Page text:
To Kerri Rosenstein,
In June my wife and I visited the living exhibit for your dad in Missoula.
We accepted your invitation to carry his spirit from there to mend it into the wilderness somewhere along an unpredictable summer path. I carried one little reddish stone along Rock Creek, up to the Blackfeet, to Glacier, and down along the Clark Fork. I fished the Thompson and St. Regis. I carried it in my short's pocket to the Coeur d'Alene in Idaho.
I don't know for sure where this special stone is, and now feeling sheepish, but wonder if I should. Born in 1945, I am never certain where all my important possessions may be found. I'm not too young to forget. I'd like to believe that Howard would understand and would convey this to you, his daughter. I knew all along that the stone needed to find its place and apologize to him and you and your family. Yet I am confident that it lies somewhere in Montana, and feels at peace and knows the wonder.
"Come on. You must know where it is. I don't need the philosophy. I need to know." I can hear one of my daughter's insistence and the other more accepting. I'm not sure what you would say.
I'd become careless since this stone and I spent some time together and I'd become too comfortable with my feelings that it would end up in a beautiful place. I'd debate the merits of each brook, berry patch, or the rivulets that drown in momentary consideration.
I thought of this stone as soul, due to Kerri's apparent intention and " was glad that you'd be in so many places yet I wanted you in a special place despite being part of a large collection, the intention not to minimize. I felt the seasons and changing landscapes would give you new life each year, beginning with so many people like me making up their minds where to put each of you; but you were really one.
I only knew that I wanted you in some vital place where I would want to be, and since so many of us did not know Howard, but still sensed from Kerri's expression that he didn't want to be set in stone. I imagined that to be her wish, one that he would wish, too. Would he infuse the world or would he be infused for eternity?" I have no intention of answering, for it's her life, and my family has its own. Where shall we go when we go away?
By the end of any summer Montana day, I may have some wildflower seeds in my pocket, a piece of paper with a phone number of some fascinating person I've met, a rose stone, or maybe a blue one I've found along Fish Creek. I sometimes have a couple of stones in my ephemeral possession, new friends who could reminisce for eons if not separated in the next few days, or this evening. Being casual or forgetful, I've lost songs and poems, and many fish I should have caught.
Has the stone fallen into a crevice on the edge of a forest stream such as the Two Medicine where mink and I fished together? Has it flipped out and rolled down an embankment and into an otter's hole?
I have to rationalize for I could spend a lifetime or two or three trying to find it amongst the rocks of one of many streams or even along the shore of a Blackfeet lake like Mitten, Four Horns, or Hidden. If I'd left it at Hidden, wouldn't that be appropriate, staring up into the east side of Glacier and all that wildness that we hope will last forever? But maybe I left it along the Yellowstone one recent evening when the caddis blanketed the river eddy. Wouldn't a small red stone be happy there?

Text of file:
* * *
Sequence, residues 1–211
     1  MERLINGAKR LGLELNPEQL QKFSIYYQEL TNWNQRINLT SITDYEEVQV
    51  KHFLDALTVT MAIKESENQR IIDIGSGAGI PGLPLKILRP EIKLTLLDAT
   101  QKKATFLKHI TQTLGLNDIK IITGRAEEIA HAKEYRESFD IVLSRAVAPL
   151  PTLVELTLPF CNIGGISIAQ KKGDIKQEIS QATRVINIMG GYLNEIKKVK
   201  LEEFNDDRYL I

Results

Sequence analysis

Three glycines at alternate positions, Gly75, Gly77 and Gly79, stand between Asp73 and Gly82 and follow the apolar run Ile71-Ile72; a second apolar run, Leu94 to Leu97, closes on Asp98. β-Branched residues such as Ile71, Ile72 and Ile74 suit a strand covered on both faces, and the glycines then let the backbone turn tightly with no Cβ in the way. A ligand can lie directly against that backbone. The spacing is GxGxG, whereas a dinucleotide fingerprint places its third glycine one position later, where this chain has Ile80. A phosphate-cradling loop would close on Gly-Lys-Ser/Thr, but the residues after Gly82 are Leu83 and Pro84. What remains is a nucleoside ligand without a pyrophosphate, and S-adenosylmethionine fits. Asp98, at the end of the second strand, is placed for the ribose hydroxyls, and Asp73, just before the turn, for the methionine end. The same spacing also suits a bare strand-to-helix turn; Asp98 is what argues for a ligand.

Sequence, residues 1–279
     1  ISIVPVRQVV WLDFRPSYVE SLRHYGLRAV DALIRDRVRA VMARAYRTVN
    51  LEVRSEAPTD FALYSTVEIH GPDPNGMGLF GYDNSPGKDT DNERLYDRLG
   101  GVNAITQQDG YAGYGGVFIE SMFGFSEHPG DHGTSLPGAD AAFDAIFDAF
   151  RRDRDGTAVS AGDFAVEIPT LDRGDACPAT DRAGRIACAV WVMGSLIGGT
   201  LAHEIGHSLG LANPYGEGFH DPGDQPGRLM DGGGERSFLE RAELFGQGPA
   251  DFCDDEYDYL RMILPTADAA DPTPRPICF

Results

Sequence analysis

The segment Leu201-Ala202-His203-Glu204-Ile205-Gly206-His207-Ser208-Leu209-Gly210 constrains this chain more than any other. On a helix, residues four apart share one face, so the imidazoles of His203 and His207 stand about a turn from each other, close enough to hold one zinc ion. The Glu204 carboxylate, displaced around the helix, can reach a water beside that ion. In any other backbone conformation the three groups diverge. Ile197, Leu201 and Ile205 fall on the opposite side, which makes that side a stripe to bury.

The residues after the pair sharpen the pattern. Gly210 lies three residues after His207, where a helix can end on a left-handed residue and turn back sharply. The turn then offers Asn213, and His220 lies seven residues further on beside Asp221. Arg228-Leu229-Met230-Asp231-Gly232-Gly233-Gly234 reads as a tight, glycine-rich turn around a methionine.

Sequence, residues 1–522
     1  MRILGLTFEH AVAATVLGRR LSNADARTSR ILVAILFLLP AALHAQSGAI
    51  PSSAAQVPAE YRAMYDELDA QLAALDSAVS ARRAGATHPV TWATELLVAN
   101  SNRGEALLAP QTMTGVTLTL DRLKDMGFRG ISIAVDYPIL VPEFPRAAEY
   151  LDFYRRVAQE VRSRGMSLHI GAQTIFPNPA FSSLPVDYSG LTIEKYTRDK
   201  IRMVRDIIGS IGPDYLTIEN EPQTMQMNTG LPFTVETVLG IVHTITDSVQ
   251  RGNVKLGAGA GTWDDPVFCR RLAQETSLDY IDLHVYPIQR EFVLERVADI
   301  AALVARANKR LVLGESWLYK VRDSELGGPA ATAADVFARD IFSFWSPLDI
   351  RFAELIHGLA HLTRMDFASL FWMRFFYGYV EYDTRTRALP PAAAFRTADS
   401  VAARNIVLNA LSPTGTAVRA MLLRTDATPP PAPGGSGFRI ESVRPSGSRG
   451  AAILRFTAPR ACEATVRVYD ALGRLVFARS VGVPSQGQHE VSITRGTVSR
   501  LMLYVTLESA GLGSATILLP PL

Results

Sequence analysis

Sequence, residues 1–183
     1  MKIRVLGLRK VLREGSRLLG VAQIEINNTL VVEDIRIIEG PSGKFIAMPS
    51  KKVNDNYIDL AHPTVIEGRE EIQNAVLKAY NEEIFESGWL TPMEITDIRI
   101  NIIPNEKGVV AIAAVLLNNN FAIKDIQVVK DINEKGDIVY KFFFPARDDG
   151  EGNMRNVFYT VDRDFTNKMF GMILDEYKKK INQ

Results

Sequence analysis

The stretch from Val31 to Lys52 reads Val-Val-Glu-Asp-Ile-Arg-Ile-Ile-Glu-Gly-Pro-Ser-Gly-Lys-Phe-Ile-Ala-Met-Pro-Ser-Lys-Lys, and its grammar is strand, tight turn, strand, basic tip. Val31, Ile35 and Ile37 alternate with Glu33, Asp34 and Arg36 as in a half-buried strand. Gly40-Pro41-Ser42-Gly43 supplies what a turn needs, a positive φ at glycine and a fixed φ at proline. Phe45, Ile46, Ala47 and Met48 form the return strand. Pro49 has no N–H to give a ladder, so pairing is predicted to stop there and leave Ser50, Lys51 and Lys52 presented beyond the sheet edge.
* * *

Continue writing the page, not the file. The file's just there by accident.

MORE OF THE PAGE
I'll tell you what I can. I may have lost it in one of the beautiful places where I changed my shorts and put on waders. I also admit to bathing in various Montana waters and it could be in the bottom of a lake or washed out of my pocket at Kootenai Falls where I spent an hour picking cherries and serviceberries. A pool in the lower Thompson River is a strong possibility. I had cleaned a whitefish, then took a bath in my shorts. If it's there, it will be a lucky stone. What stone wouldn't love to be where dippers come to explore the bottoms and turn stones like this a thousand times. A red stone would feel special with all the greens and blues.
Back in New Mexico, now I think I left it near the hot springs at Potosi, the high lonesome wet meadow above Pony where we saw the moose and calf amongst the yellow monkey flowers that blend with Forget-Me-Not's and mountain bluebells. I imagine or recall a shady slot amongst the flowers and the grasses where I think it would want to be. I tossed it gently into its new home, where it will freeze and thaw, and perhaps cause seeds to do the same. It will see the owl this winter and feel the voles pushing it aside.
I'd taken it from pocket so many times, wondering, "Is this the place where Howard would like to spend some time? Would he enjoy a spot under a streamside fern or looking up at yellow warblers from the banks of the Kootenai? And what was Kerri's idea in the first place, to disperse her love for her Dad through the countryside, his randomness of spirit that congealed at birth and dissipated at death? I wasn't clear nor did I need to be. No doubt each of us who chose to help has a reason to make something of what may have been intended. The stones could not be left behind.
While it took its own path and leaves me with an empty feeling, a challenge that I am trying to overcome, I think that certainty of place can never replace the spirit of a son or father. His spirit is not confining. It bleeds from the earth. Being pedantic, I feel the red stone joins the randomness that separates beauty from the unimagined.
In the Pueblo way, we bury the body but plant the seed. I am not Pueblo, but I believe it's true.

John Egbert
August 15, 2009
Albuquerque, New Mexico

I read from this letter at my talk at the Missoula Art Museum Artini event on August 20, 2009.